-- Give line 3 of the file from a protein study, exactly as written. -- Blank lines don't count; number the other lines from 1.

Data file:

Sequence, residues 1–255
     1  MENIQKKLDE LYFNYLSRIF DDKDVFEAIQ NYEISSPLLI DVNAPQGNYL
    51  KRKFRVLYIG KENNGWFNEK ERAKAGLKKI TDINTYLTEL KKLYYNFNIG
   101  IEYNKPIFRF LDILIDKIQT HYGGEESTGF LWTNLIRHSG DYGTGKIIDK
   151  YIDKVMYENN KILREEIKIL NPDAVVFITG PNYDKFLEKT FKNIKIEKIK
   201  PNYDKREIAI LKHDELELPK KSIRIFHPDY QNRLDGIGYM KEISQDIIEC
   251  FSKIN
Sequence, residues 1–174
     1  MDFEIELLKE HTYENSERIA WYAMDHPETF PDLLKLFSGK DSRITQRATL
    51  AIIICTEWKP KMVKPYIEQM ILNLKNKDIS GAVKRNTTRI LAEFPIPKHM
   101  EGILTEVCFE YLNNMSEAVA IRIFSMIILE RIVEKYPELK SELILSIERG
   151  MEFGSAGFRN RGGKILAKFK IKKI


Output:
    51  KRKFRVLYIG KENNGWFNEK ERAKAGLKKI TDINTYLTEL KKLYYNFNIG